How do we explain the possibility that a close election ... could turn on several million good and decent citizens who believe in the Rapture Index? That's what I said the Rapture Index. Google it and you will understand why the best-selling books in America today are the twelve volumes of the Left Behind series which have earned multi-millions of dollars for their co-authors who earlier this year completed a triumphant tour of the Bible Belt whose buckle holds in place George W. Bush's armour of the Lord. These true believers subscribe to a fantastical theology concocted in the l9th century by a couple of immigrant preachers who took disparate passages from the Bible and wove them into a narrative millions of people believe to be literally true.
According to this narrative, Jesus will return to earth only when certain conditions are met: when Israel has been established as a state; when Israel then occupies the rest of its "biblical lands;" when the third temple has been rebuilt on the site now occupied by the Dome of the Rock and Al-Aqsa mosques; and, then, when legions of the Antichrist attack Israel. This will trigger a final showdown in the valley of Armageddon during which all the Jews who have not converted will be burned. Then the Messiah returns to earth. The Rapture occurs once the big battle begins. "True believers" will be lifted out of their clothes and transported to heaven where, seated next to the right hand of God, they will watch their political and religious opponents suffer plagues of boils, sores, locusts and frogs during the several years of tribulation which follow.
I'm not making this up. We've reported on these people for our weekly broadcast on PBS, following some of them from Texas to the West Bank. They are sincere, serious, and polite as they tell you that they feel called to help bring the Rapture on as fulfillment of biblical prophecy. That's why they have declared solidarity with Israel and the Jewish settlements and backed up their support with money and volunteers. It's why they have staged confrontations at the old temple site in Jerusalem. It's why the invasion of Iraq for them was a warm-up act, predicted in the 9th chapter of the Book of Revelations where four angels "which are bound in the great river Euphrates" will be released "to slay the third part of men." As the British writer George Monbiot has pointed out, for these people the Middle East is not a foreign policy issue, it's a biblical scenario, a matter of personal belief. A war with Islam in the Middle East is not something to be feared but welcomed; if there's a conflagration there, they come out winners on the far side of tribulation, inside the pearly gates, in celestial splendor, supping on ambrosia to the accompaniment of harps plucked by angels.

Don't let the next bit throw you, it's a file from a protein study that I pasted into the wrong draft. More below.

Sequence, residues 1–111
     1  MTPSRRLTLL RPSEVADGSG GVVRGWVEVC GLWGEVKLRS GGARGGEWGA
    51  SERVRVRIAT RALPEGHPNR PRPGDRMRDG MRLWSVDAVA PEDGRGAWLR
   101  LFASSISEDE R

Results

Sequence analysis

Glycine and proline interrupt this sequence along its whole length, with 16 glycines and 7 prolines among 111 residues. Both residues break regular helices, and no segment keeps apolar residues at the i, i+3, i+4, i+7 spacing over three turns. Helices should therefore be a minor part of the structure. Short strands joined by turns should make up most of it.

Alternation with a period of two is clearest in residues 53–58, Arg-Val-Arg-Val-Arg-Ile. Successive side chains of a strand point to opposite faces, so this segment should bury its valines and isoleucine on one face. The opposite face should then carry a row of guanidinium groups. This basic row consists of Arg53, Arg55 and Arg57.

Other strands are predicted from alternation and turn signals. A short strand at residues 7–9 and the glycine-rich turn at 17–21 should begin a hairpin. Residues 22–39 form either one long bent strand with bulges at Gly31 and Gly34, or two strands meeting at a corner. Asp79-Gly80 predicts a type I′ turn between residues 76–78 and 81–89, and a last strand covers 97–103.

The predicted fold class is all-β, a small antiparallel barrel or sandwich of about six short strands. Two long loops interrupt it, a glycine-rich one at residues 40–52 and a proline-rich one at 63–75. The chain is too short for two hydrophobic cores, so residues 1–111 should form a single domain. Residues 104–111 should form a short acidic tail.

One estimate puts these people at about l5 per cent of the electorate. Most are likely to vote Republican; they are part of the core of George W. Bush's base support. He knows who they are and what they want. When the President asked Ariel Sharon to pull his tanks out of Jenin in 2002, over one hundred thousand angry Christian fundamentalists barraged the White House with emails and Mr. Bush never mentioned the matter again.
Not coincidentally, the administration recently put itself solidly behind Ariel Sharon's expansions of settlements on the West Bank. In George Monbiot's analysis, the President stands to lose fewer votes by encouraging Israeli expansion into the West Bank than he stands to lose by restraining it. "He would be mad to listen to these people, but he would also be mad not to." No wonder Karl Rove walks around the West Wing whistling "Onward Christian Soldiers." He knows how many votes he is likely to get from these pious folk who believe that the Rapture Index now stands at 144 --- just one point below the critical threshold at which point the prophecy is fulfilled, the whole thing blows, the sky is filled with floating naked bodies, and the true believers wind up at the right hand of God. With no regret for those left behind. (See George Monbiot. The Guardian, April 20, 2004.)
I know, I know: You think I am bonkers... But this is just the point: Journalists who try to tell these stories, connect these dots, and examine these links are demeaned, disparaged, and dismissed. This is the very kind of story that illustrates the challenge journalists face in a world driven by ideologies that are stoutly maintained despite being contradicted by what is generally accepted as reality.
--Bill Moyers, Excerpts from an address to the Society of Professional Journalists 2004 National Convention